APRI: A simple bedside marker for advanced fibrosis that can avoid liver biopsy in patients with NAFLD/NASH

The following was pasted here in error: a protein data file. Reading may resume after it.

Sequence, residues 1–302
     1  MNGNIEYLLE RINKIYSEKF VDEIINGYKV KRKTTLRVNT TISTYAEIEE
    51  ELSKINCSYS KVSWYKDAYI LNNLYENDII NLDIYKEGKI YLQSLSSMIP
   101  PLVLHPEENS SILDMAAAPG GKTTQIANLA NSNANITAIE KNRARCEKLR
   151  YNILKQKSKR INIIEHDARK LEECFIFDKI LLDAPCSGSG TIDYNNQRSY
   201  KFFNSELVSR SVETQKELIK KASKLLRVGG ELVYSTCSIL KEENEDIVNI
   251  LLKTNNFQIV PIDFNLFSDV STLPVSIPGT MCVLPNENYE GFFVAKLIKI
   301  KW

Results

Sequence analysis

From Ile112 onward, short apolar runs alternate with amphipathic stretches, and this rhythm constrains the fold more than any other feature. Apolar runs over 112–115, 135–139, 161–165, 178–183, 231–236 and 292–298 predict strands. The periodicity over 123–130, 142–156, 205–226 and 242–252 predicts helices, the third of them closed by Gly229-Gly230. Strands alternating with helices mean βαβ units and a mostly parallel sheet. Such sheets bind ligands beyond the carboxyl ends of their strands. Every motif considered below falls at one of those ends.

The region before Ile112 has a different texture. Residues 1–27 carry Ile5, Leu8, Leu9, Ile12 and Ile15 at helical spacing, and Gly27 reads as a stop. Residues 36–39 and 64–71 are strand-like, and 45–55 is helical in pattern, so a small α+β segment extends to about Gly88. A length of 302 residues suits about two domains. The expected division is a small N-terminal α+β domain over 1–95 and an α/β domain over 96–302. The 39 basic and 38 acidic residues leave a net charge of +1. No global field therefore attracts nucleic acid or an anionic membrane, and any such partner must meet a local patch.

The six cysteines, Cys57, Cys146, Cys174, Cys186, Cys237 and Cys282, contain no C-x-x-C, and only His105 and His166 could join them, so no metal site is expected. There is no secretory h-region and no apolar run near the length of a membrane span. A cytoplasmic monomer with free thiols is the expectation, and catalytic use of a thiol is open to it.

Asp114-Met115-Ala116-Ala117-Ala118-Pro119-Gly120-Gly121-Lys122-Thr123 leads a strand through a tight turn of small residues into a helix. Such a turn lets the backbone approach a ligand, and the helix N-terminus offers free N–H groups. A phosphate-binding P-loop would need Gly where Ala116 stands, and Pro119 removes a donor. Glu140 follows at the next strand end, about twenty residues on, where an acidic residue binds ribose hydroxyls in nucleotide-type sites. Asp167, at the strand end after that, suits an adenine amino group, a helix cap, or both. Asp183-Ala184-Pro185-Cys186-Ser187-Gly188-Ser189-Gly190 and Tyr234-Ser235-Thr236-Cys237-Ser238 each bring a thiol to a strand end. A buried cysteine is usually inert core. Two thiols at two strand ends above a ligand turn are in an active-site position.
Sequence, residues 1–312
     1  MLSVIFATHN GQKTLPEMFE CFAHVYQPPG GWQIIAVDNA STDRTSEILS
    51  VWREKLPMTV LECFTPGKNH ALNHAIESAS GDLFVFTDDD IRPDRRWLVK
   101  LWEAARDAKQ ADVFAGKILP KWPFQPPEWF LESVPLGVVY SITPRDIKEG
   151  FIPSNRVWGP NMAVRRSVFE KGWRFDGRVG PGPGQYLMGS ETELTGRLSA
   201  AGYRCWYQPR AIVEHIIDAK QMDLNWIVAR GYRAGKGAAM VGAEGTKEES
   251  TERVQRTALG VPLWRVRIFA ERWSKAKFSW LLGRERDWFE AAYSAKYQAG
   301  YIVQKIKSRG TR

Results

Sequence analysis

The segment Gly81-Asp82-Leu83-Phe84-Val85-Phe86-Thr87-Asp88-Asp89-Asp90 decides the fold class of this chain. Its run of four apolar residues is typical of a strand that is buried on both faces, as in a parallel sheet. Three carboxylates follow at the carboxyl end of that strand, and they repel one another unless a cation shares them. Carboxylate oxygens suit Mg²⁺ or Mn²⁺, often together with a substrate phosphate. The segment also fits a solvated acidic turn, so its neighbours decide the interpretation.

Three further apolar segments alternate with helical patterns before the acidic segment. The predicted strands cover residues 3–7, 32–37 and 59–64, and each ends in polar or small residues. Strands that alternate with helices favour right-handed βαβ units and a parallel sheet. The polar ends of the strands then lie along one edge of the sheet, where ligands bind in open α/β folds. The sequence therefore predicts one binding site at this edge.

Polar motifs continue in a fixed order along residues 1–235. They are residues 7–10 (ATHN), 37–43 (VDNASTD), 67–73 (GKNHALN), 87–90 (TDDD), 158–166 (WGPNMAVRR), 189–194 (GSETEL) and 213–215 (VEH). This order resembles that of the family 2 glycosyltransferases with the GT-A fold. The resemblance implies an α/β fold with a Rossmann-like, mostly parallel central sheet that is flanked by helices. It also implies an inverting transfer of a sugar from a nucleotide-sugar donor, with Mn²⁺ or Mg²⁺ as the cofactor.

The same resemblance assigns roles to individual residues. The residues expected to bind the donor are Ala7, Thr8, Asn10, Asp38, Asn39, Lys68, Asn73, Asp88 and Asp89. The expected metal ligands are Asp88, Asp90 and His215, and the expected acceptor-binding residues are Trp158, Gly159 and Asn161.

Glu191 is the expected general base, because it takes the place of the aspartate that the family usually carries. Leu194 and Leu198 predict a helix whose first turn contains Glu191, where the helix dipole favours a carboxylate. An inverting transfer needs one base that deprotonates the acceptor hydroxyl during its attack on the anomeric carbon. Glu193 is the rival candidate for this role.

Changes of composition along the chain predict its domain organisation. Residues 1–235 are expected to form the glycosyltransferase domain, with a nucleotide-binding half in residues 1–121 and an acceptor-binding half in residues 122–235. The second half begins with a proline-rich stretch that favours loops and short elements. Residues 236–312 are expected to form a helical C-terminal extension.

Background. Non-alcoholic steatohepatitis (NASH) can lead to cirrhosis and hepatocellular carcinoma. The NASH fibrosis score (NFS) has proven to be a reliable, non-invasive marker for prediction of advanced fibrosis. Aspartate aminotransferase-to-platelet ratio index (APRI) is a simpler calculation than NFS, but has never been studied in patients with non-alcoholic fatty liver disease (NAFLD). Aim. To validate APRI as a non-invasive marker of liver fibrosis in subjects with NAFLD to be used in clinical practice. Design/Methods. The cohort consisted of 111 patients with histological diagnoses of NAFLD. The biopsy samples were staged and graded according to the NASH clinical research network (CRN) criteria. These were grouped into fatty liver disease (FLD), NASH, no/mild fibrosis, and advanced fibrosis. The sensitivity and specificity of APRI were compared with NFS and aspartate aminotransferase-to-alanine aminotransferase (AST/ALT) ratio. Results. The APRI was significantly higher in the advanced fibrosis group. The area under receiver operating characteristic (ROC) curve for APRI was 0.85 with an optimal cut-off of 0.98, giving a sensitivity of 75% and a specificity of 86%. The NFS was significantly lower in the advanced fibrosis group. The ROC for NFS gave an area under curve (AUC) of 0.77 and a cut-off value of -1.3 with a sensitivity of 76% and specificity of 69%. The positive predictive value for APRI was 54% as opposed to 34% for NFS. The negative predictive value was 93% for APRI and 94% for NFS. Conclusion. APRI compared favourably to NFS and was superior to AST/ALT for the prediction of advanced fibrosis. We therefore propose the use of APRI in a new algorithm for the detection of advanced fibrosis.